. Valentine's Day - Manitoba Parent Zone

Valentine's Day

Valentine's Day can be a fun and exciting time for children and teens. Young children might be thrilled to make valentine's cards for loved ones, or to exchange cards at preschool or in class, and teens might be looking forward to going on dates or attending parties. But sometimes Valentine's Day can make children feel left out or lonely. And as with other major holidays, we are often tempted to spend money to show how much we care. Talking with your children is the key to make sure that your kids have a fun and positive Valentine's Day this year.

Toddlers and young children might not understand the concept of exchanging valentines, but you can still take the opportunity to talk to your toddler about love and friendship. Young children also love to sing and dance. To celebrate the day, you might make up silly songs about friendship, or make up some simple rhymes. You can also play a simple sorting game by cutting out hearts of different sizes from construction paper or cardstock. Your little one will enjoy matching them and sorting them by size.

For school age children, it's a good idea to talk to your child's teacher to see if he or she has planned for Valentine's Day. Are children allowed or expected to exchange cards? Are treats allowed? A good rule of thumb for card and treat exchanges are to include all the children in the class and the teacher – ensuring no one gets left out. At many schools, this is an expectation. At other schools, cards and treats might not be allowed at all.

If your child's school encourages sending cards to every child in class, you could talk to your child about the reasons behind this. If your child is upset that he or she must give a Valentine to someone he doesn't really like, listen to his feelings. You can gently ask questions to show that you are interested in your child's perspective. You can also discuss what it feels like if we are not included in things. He or she might be able to recall how it feels to be left out, or you can share an experience of your own.

If your child chooses not to give Valentines to his friends at all, respect his decision. It might be a good idea to explore why this is, but try to stay curious about his reasons, and make an effort not to make him feel guilty or awkward.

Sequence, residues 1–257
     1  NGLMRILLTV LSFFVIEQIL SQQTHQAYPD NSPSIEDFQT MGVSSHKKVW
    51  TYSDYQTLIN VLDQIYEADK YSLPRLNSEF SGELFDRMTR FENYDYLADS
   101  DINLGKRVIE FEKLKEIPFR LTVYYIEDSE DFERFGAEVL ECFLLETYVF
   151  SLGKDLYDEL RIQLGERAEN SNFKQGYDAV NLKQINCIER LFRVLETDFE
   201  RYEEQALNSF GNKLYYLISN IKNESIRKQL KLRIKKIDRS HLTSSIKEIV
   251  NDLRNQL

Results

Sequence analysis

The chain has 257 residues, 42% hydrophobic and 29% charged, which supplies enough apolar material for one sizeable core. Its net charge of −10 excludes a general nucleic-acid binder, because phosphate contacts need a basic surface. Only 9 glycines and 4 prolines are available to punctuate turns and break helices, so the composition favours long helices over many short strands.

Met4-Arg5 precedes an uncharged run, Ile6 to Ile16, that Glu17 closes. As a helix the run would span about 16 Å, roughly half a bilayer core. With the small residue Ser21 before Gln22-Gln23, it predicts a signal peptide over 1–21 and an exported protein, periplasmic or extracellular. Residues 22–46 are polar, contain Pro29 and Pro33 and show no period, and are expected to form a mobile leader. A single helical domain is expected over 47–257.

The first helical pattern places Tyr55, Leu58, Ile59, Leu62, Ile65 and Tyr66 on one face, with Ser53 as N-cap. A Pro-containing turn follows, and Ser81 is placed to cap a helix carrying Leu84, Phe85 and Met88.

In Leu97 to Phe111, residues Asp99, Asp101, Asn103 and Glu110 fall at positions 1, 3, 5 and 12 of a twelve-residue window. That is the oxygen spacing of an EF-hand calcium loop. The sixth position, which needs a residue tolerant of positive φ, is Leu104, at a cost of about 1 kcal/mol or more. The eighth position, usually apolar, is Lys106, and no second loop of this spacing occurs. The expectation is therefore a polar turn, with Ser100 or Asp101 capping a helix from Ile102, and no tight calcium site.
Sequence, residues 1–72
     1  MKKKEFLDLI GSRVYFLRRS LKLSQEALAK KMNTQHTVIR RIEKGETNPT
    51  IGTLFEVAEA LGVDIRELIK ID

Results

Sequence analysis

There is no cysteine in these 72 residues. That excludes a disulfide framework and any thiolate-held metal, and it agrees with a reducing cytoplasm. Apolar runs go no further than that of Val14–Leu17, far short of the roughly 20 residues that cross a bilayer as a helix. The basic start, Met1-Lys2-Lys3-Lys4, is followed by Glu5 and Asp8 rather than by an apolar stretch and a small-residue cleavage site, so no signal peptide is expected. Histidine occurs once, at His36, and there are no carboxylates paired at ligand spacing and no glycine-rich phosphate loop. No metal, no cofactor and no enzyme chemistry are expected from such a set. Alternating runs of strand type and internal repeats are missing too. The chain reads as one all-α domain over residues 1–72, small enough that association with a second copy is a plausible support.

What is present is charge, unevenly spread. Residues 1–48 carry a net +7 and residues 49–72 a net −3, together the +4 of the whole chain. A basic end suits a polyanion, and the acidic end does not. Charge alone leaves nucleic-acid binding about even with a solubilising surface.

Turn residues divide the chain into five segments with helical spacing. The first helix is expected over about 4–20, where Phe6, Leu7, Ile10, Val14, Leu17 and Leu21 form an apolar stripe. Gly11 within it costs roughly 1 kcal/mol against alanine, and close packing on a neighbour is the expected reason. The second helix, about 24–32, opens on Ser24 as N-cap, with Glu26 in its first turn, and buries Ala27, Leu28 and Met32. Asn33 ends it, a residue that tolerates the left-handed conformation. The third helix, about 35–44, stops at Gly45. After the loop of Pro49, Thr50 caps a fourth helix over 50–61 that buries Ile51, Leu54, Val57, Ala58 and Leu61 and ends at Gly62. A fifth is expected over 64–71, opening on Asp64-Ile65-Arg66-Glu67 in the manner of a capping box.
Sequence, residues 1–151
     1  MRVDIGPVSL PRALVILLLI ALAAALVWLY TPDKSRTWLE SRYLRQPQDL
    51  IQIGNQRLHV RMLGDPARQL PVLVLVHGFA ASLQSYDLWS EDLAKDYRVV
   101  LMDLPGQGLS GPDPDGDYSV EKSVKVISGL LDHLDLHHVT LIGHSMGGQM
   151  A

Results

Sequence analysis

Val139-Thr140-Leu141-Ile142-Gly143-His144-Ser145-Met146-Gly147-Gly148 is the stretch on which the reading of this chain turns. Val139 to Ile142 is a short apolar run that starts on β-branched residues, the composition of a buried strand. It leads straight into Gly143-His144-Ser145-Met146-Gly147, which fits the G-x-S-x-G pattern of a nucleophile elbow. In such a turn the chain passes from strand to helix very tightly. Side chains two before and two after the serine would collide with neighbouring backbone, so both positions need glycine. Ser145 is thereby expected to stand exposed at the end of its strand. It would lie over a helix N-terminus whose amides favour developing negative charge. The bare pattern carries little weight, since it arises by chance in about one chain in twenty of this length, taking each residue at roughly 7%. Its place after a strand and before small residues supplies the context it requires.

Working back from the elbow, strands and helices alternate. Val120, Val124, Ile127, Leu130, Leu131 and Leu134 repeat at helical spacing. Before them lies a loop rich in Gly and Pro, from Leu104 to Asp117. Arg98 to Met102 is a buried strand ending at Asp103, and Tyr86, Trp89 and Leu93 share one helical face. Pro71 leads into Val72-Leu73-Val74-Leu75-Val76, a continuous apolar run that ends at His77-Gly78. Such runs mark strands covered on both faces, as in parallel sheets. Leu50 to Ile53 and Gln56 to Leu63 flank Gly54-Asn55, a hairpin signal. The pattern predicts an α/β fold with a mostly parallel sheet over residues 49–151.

Your child might also want to take special treats to school to celebrate. Consider spending some time making snacks with your child. One great idea is an edible valentine: for each valentine, use a graham cracker or plain sugar cookie. Decorate with icing or candy conversation hearts, and wrap in plastic wrap before sharing with friends. You can also think about sending healthier options than traditional Valentine's fare, such as fruits and vegetables or whole grain crackers and cheese.

There are other creative ways to celebrate Valentine's Day. A middle year's child might really enjoy learning about the traditions of other cultures, and why they may or may not celebrate Valentine's Day or something similar. Invite him to do research with you on the Internet, or take a trip to the nearest library and spend the afternoon together.

For teens, there might be more pressure to date or to have a boyfriend or girlfriend as Valentine's Day approaches. Talk to your teen about this if you think he or she might be experiencing this pressure. Encourage your teen to spend time with friends and supportive people, and to develop his or her own interests. Perhaps your teen could plan a movie night with friends, or an outdoor activity with a group.

With children of any age, spend some time talking about how we show affection and caring for others. Although Valentine's Day has romantic undertones, people of all ages can appreciate hearing that others love and care for them. Talk to your child about the variety of ways to show others that they care. You might also want to think about how you and your partner show each other affection and love in more practical, daily ways, such as fulfilling promises to each other or being kind, even when you are having a bad day. Be sure to give your kids some extra hugs, too!